Extending Protection to Ideas; Breaking the Notion of Monopoly

An Idea can be defined as, “A concept which has not been put in a tangible form so as to be a subject of copyright but which may be a subject of protection by Contract.”[1]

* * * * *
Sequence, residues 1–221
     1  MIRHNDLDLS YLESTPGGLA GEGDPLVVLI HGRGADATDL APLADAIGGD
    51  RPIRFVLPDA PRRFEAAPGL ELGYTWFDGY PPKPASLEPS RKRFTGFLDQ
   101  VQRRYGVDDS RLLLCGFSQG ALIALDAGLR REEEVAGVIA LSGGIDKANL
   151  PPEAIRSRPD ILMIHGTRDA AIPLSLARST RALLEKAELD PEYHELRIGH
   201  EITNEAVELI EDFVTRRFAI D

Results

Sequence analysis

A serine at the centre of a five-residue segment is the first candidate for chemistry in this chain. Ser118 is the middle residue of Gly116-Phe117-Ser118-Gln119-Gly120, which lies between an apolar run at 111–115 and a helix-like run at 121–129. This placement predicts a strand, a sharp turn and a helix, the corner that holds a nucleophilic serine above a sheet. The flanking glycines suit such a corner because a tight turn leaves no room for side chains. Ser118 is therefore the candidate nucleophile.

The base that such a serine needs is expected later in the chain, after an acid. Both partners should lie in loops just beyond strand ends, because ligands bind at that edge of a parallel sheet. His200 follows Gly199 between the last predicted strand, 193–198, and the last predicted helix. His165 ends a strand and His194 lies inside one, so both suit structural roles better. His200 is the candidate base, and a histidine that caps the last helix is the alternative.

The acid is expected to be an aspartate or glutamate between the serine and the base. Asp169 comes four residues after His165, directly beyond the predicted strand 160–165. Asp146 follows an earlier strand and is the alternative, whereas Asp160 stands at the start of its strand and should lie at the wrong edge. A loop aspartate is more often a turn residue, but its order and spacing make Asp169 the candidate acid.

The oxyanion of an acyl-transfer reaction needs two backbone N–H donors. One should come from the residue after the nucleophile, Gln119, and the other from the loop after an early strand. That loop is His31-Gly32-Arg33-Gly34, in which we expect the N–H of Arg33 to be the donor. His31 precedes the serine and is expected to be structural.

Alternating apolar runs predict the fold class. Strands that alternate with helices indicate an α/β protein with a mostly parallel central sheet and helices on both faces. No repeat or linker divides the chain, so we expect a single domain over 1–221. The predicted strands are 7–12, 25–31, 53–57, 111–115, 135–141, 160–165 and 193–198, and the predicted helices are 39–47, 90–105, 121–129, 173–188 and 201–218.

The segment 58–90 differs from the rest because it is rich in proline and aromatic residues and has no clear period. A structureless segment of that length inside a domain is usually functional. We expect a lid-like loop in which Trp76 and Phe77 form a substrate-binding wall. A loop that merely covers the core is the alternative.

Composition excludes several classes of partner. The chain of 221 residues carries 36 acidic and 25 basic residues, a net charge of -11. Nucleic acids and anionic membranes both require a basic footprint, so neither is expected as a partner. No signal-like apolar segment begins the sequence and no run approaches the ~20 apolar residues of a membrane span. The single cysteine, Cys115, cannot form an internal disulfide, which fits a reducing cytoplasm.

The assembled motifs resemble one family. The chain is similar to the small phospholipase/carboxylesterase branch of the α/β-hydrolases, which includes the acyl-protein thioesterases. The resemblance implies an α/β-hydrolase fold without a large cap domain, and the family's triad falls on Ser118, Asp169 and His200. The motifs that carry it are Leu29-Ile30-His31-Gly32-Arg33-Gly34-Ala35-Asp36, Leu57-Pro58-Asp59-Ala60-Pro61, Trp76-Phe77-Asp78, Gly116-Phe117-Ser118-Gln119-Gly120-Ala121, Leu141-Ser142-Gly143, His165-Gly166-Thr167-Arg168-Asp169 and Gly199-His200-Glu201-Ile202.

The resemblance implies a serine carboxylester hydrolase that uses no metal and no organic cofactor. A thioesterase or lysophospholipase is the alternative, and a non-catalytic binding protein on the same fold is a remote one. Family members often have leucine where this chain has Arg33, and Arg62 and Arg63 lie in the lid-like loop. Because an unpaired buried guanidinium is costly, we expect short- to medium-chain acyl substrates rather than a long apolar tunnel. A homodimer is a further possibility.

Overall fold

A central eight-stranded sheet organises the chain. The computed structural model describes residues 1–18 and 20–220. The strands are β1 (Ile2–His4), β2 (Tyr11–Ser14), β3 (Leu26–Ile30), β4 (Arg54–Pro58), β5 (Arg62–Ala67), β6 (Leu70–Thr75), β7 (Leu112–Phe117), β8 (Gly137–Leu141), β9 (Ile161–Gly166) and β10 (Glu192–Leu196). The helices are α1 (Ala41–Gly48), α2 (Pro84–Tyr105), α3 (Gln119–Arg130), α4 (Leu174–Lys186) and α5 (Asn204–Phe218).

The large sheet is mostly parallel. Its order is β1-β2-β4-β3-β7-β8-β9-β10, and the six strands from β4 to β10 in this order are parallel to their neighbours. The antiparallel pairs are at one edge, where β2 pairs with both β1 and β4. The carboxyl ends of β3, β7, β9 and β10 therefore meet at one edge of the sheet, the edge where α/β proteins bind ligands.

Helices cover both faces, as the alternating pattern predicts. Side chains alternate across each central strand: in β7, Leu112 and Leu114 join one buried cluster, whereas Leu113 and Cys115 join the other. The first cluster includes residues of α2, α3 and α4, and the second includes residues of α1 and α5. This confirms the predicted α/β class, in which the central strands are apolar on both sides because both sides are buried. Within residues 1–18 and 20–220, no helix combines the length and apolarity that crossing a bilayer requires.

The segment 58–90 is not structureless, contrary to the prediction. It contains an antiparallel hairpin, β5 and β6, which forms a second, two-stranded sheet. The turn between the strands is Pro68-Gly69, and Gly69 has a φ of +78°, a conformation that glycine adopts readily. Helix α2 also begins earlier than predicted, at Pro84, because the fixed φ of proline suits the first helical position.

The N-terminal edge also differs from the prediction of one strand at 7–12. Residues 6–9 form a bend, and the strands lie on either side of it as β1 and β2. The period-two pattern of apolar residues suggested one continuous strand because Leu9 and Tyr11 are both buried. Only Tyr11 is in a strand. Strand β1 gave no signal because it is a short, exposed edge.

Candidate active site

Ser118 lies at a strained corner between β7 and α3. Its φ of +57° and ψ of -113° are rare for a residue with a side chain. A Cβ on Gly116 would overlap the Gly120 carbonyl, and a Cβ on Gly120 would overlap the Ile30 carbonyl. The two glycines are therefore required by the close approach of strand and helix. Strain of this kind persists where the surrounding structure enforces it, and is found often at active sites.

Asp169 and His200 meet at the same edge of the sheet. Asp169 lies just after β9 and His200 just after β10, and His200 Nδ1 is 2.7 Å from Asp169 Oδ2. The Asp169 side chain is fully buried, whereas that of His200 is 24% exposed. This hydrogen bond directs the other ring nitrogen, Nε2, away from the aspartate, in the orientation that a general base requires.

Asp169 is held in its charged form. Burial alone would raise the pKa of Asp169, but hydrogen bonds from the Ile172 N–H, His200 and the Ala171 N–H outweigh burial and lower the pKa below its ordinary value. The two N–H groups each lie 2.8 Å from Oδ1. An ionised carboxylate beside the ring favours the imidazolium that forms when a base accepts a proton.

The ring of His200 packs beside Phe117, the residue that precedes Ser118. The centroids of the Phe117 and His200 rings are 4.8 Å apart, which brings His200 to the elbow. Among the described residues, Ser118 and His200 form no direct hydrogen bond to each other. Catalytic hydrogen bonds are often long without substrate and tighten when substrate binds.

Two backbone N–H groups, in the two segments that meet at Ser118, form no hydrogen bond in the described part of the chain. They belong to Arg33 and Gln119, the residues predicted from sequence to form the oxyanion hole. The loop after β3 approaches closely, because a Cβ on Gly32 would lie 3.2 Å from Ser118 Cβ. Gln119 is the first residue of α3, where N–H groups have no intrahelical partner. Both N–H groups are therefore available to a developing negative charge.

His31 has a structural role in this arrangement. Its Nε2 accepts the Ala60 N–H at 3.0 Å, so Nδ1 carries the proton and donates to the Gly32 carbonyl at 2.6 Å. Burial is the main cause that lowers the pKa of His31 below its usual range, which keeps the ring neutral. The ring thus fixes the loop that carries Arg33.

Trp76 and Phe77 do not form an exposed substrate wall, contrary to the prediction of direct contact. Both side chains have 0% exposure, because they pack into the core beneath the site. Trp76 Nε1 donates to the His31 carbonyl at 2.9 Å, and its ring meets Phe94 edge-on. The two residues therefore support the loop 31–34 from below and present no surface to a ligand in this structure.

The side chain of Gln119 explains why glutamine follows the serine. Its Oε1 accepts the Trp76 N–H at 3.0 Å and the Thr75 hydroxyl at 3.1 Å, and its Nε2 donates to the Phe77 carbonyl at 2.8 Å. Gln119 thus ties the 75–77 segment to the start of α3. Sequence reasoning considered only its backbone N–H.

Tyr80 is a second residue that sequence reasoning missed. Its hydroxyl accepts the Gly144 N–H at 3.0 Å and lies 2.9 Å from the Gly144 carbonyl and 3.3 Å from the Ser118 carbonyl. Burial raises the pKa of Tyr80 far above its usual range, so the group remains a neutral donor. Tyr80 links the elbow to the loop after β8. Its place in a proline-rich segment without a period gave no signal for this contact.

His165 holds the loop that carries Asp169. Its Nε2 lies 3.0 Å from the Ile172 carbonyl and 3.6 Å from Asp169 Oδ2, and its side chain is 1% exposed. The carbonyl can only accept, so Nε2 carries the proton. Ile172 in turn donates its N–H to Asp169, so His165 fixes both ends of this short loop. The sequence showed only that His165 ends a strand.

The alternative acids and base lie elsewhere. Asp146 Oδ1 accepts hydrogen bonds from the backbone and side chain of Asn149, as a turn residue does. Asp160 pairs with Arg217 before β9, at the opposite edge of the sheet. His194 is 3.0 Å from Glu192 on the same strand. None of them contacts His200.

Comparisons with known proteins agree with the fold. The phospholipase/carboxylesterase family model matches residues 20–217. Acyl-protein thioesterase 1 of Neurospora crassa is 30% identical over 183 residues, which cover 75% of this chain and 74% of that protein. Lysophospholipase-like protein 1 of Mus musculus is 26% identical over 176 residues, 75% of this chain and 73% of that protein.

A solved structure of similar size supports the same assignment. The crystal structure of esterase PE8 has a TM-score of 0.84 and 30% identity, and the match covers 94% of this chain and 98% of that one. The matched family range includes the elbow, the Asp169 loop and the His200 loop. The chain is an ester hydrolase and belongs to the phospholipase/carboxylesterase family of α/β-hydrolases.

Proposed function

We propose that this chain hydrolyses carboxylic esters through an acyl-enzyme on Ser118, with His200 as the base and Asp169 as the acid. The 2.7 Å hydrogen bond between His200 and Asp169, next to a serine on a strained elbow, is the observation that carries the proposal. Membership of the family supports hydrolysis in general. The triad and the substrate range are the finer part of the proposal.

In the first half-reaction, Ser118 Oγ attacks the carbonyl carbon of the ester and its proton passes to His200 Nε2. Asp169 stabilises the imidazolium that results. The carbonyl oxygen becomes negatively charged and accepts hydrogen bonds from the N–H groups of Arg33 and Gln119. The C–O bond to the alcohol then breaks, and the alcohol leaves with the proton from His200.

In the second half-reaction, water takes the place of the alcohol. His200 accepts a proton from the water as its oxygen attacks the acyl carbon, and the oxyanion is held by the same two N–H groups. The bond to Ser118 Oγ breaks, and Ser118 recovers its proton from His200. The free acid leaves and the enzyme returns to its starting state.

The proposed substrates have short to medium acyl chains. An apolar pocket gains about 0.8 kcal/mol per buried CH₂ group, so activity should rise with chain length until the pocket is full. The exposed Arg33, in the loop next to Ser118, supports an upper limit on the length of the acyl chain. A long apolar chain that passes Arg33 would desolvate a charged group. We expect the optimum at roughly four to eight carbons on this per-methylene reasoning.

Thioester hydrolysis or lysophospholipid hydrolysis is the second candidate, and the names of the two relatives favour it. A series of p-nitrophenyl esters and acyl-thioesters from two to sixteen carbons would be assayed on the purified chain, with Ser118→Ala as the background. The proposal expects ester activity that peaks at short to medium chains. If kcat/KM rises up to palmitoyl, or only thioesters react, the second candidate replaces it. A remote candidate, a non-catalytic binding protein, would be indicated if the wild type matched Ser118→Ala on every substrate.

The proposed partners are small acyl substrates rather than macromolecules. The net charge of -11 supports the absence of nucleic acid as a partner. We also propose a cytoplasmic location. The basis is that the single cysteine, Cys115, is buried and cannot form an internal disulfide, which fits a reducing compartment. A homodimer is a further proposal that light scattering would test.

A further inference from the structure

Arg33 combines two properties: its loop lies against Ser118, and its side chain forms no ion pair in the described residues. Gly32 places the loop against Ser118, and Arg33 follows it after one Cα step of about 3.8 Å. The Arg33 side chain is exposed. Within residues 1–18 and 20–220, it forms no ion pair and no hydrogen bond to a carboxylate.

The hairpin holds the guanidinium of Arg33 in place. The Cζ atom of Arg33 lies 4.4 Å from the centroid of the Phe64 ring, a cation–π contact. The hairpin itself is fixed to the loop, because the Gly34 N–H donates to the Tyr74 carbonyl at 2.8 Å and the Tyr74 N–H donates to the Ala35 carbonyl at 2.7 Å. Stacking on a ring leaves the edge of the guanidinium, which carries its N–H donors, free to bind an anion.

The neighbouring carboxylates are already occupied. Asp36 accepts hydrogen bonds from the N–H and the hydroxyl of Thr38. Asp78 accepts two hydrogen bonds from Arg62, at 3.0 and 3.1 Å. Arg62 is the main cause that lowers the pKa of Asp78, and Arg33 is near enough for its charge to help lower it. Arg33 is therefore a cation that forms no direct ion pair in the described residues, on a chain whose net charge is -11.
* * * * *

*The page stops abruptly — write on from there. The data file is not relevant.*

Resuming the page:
The manifestation of ideas into words or any material form is called ‘expressing’ the idea.[2] The objective of the copyright act is to enable the public to access the work of an author who is suitably credited for that work. Copyright protects the way in which the idea is expressed, that is the words and expressions but not the underlying idea. Intellectual Property cannot be owned by a community and thus, is personal property. Such property commands protection in all forms, it becomes the duty of the law-makers to protect the owners of this intellectual property and in turn promote and encourage the people to come up with novel ideas. When an idea of the author is copied by a fellow author without giving due credit to the real author, there is a fear of loss of motivation on the part of the real author.